“There are so many great women in horticulture”

This International Women’s Day, we talk to Catherine Dawson about women in horticulture and her role as Technical Director at Melcourt


How did you get into the horticultural industry?

I knew nothing about horticulture, other than having parents who were keen gardeners, when I joined bark company Cambark in the early 1980s. I had completed a degree in Soil Science and spent four years working in agriculture and viticulture. The use of bark in growing media was relatively new back in the mid-80s so there were no textbooks telling you what to do. To say that I had to ‘find my way’, doesn’t quite capture what it was like. But with the support of others in the field of growing media I gradually picked it up.

Were there many women in horticulture when you first started, or were you unique?

If I was in a minority, I didn’t really notice. I never knowingly encountered any chauvinism or discrimination. The barrier that needed to be broken was about working with a new ingredient and getting it to be accepted by a relatively resistant-to-change industry. Shades of today’s peat debate there!

The late Margaret Scott was a big influence on me. In her career at ADAS, which in those days was a government agency, she was a real trail blazer in this field. Margaret pushed the boundaries and helped the industry to move on from the peat/sand mixes that were typical for nursery stock in those days. She was an inspiration to so many in our industry and was sorely missed when she passed away at too early an age.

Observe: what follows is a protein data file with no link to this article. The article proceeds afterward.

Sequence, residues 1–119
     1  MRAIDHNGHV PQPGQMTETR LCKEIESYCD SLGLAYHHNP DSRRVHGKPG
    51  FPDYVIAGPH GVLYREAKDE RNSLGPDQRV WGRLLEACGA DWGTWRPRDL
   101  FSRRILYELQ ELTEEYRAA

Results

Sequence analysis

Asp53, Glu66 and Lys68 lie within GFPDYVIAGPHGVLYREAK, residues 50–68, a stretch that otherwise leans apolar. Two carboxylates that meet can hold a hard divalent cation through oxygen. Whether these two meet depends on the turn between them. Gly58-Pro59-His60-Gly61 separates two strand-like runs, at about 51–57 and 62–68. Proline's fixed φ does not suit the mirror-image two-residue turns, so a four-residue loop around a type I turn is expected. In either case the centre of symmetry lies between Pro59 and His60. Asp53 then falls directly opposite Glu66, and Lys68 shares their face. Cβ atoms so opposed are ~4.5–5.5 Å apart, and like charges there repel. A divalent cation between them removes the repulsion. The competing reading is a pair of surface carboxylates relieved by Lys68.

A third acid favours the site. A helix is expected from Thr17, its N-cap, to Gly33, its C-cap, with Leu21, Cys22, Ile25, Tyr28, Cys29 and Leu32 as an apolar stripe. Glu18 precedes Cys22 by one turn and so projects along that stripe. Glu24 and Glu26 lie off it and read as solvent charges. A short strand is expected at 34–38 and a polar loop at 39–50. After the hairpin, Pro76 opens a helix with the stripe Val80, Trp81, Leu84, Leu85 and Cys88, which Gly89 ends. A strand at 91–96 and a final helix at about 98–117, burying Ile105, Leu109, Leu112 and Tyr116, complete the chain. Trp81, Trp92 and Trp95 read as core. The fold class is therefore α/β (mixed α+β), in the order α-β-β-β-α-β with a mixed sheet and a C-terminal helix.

Do you continue to be inspired women in horticulture?

There are so many great female role models in our industry for women to look up to. A true inspiration to many, particularly young women, is Natalie Porter. She has not only become a key spokesperson for the ornamentals industry but been instrumental in setting up the Young People in Horticulture Association. This aims to bring together under 35s in ornamental horticulture to facilitate their collaboration, education and innovation.

And I admire Sarah Raven. She’s not only curated a wonderful tried and tested collection of seeds, plants and sundries (including SylvaGrow as it happens…) but set up a very successful online retail business. I also share her passion for wildflowers and natural landscapes.


Catherine Dawson Melcourt

What do you love about this area of horticulture? Has peat free always been a passion?

Growing media is a truly fascinating area of work. Composts are the fundamental building blocks on which all horticultural production is based. Without growing media nothing will grow, whether it’s soil-based, soilless or hydroponic. Plants raised in pots are utterly reliant on the growing medium and its efficiency to provide for the plant’s needs.

But the more I know, the more I realise I don’t know!

Joining Melcourt 30-years ago, was a brilliant career move for me. The company is very much based on forest co-products, and it wanted to expand from its core position as a landscape/mulch specialist into the horticultural use of bark. I arrived with a brief to develop a range of peat-free growing media. Quite a challenge but one in which I was given all the resources needed. And two decades ago, we launched Sylvamix®, our first peat-free growing medium for professional growers.